10 Most Pet-Friendly Cities
  1. Scottsdale, Arizona
  2. Phoenix, Arizona
  3. Tampa, Florida
  4. San Diego, California
  5. Orlando, Florida
  6. Birmingham, Alabama
  7. Austin, Texas
  8. Cincinnati, Ohio
  9. Atlanta, Georgia
  10. Las Vegas, Nevada
Scottsdale was named the most pet-friendly city, and it is only a short drive to Phoenix, which was listed as second place and is home to Arizona State University. ASU’s law school Sandra Day O'Connor College of Law is frequently named one of the top 25 law schools by U.S. News and World Report, and it is also well-known for its affordable in-state tuition. The area is perfect for a dog-owner because there is plenty of backyard space and access to inexpensive vet services.
Fourth-place city San Diego is home to the University of California-San Diego, which ranked 77 on U.S. News and World Report’s overall Best Law Schools list in 2017 and 14th Best for its part-time program. Dog-owners can enjoy walks on the beach that would beat any Tinder date, and there’s plenty of dog parks around where you and Snoopy can enjoy the Southern California weather.
Austin, Texas placed seventh on the most pet-friendly city list, and it is known for its affordability, hip vibe, and friendly people. The area is home to the University of Texas-Austin, which is one of the top-ranked schools in the country.
The eighth best city for pets listed was Cincinnati, Ohio, which is the location for the University of Cincinnati College of Law. U.S. News and World Report ranked the school as the #72 Best Law School in 2017, and students can enjoy the low rents and plenty of space that the Midwest is known for.
In ninth-place, Atlanta, Georgia sat on WalletHub’s list, and it had three quality law schools for dog-lovers to choose from. These include Emory Law, Georgia State University College of Law, and University of Georgia School of Law.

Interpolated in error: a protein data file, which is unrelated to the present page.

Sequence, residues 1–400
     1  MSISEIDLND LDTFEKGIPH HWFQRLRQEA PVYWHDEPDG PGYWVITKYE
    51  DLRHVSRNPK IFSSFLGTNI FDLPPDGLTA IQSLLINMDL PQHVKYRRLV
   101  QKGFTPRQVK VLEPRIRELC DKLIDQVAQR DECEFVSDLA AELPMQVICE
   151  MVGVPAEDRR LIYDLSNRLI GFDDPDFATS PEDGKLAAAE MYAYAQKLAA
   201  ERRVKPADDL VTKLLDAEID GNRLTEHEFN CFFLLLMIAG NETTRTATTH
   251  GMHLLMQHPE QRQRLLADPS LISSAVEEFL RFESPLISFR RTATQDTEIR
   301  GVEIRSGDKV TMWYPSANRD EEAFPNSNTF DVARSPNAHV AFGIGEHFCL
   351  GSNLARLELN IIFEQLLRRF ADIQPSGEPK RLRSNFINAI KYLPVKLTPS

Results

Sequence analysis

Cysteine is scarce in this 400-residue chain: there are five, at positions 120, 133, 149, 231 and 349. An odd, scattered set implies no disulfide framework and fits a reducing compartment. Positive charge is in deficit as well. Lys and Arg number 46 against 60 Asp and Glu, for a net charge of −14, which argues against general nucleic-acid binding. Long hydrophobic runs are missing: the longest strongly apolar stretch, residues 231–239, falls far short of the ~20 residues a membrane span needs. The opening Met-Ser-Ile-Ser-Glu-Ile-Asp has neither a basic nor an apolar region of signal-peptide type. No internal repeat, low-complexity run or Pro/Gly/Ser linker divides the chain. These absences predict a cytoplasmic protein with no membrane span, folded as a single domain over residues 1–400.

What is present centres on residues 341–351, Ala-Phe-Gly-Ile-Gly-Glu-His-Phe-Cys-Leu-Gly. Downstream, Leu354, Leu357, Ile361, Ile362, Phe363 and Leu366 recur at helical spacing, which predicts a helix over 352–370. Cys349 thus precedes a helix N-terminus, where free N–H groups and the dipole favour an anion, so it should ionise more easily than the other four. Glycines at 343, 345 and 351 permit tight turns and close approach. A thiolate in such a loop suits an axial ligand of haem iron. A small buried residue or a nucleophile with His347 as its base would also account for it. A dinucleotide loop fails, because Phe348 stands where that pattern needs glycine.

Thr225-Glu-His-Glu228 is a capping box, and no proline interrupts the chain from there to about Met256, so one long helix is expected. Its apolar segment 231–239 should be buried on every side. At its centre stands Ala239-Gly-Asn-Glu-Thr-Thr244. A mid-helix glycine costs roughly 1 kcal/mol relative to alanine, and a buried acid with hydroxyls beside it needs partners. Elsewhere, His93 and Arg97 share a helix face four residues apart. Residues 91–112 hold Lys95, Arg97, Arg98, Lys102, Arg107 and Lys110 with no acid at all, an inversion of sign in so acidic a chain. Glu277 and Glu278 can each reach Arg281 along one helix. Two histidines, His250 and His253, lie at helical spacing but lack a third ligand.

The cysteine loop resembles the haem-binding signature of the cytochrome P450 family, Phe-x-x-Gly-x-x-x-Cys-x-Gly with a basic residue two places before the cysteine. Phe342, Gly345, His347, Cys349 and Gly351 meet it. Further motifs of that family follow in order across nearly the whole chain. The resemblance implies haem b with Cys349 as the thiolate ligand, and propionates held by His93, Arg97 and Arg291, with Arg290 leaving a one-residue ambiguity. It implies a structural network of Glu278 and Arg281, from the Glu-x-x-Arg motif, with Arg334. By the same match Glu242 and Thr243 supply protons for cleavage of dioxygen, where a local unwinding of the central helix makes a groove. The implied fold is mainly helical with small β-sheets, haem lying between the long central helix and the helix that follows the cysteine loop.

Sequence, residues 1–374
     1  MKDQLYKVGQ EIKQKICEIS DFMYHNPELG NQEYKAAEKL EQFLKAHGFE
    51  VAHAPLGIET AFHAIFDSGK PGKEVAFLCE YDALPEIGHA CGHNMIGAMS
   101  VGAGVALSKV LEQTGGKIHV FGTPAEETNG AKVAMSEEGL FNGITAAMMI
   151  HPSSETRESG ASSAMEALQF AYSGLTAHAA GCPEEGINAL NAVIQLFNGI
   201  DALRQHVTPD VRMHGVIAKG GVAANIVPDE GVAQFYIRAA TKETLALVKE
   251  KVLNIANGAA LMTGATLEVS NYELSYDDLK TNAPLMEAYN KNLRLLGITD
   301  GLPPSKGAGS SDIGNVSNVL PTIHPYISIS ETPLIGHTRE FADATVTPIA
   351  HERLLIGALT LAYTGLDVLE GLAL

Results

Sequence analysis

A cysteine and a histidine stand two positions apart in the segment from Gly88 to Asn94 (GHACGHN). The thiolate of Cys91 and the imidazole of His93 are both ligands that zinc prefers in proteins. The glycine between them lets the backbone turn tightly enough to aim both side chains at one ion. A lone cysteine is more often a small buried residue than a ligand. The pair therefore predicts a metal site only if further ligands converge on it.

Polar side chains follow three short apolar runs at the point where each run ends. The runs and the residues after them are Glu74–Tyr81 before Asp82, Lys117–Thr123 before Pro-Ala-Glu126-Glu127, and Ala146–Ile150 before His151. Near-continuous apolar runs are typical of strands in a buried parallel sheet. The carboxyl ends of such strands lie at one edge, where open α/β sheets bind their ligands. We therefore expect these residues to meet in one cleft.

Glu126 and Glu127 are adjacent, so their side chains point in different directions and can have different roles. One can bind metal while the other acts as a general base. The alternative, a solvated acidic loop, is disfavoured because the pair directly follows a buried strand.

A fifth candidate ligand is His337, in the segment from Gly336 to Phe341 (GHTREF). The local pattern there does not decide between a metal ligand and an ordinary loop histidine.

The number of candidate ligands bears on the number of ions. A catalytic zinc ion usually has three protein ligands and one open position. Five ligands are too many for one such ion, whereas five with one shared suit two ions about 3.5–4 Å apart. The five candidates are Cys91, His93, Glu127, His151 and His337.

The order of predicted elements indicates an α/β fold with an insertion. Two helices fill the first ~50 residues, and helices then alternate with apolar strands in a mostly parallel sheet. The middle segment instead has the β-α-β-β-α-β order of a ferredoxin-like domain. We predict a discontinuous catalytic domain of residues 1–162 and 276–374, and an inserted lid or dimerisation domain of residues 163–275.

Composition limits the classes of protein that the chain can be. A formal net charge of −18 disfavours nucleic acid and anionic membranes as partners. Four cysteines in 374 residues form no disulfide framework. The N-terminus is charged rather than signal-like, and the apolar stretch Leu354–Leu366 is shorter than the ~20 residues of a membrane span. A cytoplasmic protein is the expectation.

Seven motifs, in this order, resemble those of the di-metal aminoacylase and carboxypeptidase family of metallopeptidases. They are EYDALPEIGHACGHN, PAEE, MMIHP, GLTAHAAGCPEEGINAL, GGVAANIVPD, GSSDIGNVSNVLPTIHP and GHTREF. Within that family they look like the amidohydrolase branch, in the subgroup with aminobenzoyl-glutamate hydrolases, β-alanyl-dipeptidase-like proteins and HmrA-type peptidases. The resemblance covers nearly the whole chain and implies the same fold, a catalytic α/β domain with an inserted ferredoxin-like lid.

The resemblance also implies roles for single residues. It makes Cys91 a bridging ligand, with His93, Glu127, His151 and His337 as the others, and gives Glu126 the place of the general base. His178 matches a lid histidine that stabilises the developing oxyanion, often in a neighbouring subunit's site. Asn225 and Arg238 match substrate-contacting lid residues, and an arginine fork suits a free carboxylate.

Sin City itself was named the tenth best city for dog lovers, and Las Vegas has the 62nd best law school in the country, according to U.S. News and World Report. The University of Nevada-Las Vegas is also a top-ranked school for its part-time program.
10 Least Pet-Friendly Cities
  1. Charlotte, North Carolina
  2. Anchorage, Alaska
  3. Philadelphia, Pennsylvania
  4. Buffalo, New York
  5. Santa Ana, California
  6. Boston, Massachusetts
  7. New York, New York
  8. Honolulu, Hawaii
  9. Baltimore, Maryland
  10. Newark, New Jersey
The ten least-friendly cities for pet owners also have some of the best law schools in the country such as New York University, Boston University, and the University of Pennsylvania. These cities may have made this list because of the high cost of pet insurance, lack of areas for pets to play, the health of pets in the city, or other reasons.
Law schools with animal rights courses

Some law students desire to fight the Michael Vicks and Cesar Millans of the world, and to do this, they’ll need to study animal law, which is not offered at all law schools. Luckily, the Animal Legal Defense Fund has compiled a list of all of the law schools in the United States that offer animal law courses. There are approximately 170 schools on the nonprofit’s list, and there are over 200 schools that have an ALDF chapter on campus. The list comprises of heavy hitters such as Duke Law School, Cornell Law School, and Harvard Law School; and there are also schools that have less stringent admission standards but serve their local community.